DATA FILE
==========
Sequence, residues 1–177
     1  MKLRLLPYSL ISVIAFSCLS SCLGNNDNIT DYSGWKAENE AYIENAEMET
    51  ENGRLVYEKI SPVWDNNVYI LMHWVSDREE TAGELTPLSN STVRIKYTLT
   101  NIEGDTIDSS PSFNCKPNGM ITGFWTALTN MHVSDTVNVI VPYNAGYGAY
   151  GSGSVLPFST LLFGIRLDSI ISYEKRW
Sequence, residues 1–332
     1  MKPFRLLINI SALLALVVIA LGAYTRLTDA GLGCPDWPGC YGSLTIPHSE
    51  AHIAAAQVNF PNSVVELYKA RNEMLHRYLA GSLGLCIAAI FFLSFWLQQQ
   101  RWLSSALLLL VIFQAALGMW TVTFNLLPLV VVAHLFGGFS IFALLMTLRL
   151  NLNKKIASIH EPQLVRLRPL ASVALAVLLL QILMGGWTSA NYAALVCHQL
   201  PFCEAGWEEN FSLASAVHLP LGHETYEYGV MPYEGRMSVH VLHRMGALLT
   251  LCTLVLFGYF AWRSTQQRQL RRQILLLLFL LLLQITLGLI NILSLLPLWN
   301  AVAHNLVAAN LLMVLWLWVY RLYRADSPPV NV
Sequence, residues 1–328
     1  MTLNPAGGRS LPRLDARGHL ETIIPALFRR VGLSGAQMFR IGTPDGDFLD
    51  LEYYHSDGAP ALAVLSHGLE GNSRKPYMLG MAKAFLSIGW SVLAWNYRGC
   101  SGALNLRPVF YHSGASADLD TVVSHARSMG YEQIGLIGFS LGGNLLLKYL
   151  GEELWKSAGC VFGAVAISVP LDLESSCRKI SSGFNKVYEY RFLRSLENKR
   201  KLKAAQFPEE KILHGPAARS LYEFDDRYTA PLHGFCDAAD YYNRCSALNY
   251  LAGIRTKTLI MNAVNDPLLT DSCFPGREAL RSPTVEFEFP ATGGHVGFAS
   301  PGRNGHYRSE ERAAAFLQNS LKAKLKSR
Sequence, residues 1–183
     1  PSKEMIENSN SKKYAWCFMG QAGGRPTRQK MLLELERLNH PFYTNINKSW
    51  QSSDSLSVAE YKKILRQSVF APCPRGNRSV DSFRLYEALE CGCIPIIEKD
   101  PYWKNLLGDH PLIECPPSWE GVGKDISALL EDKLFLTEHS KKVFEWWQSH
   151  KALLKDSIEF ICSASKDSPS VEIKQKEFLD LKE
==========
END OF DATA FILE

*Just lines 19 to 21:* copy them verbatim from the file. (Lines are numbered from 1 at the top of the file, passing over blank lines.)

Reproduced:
   201  KLKAAQFPEE KILHGPAARS LYEFDDRYTA PLHGFCDAAD YYNRCSALNY
   251  LAGIRTKTLI MNAVNDPLLT DSCFPGREAL RSPTVEFEFP ATGGHVGFAS
   301  PGRNGHYRSE ERAAAFLQNS LKAKLKSR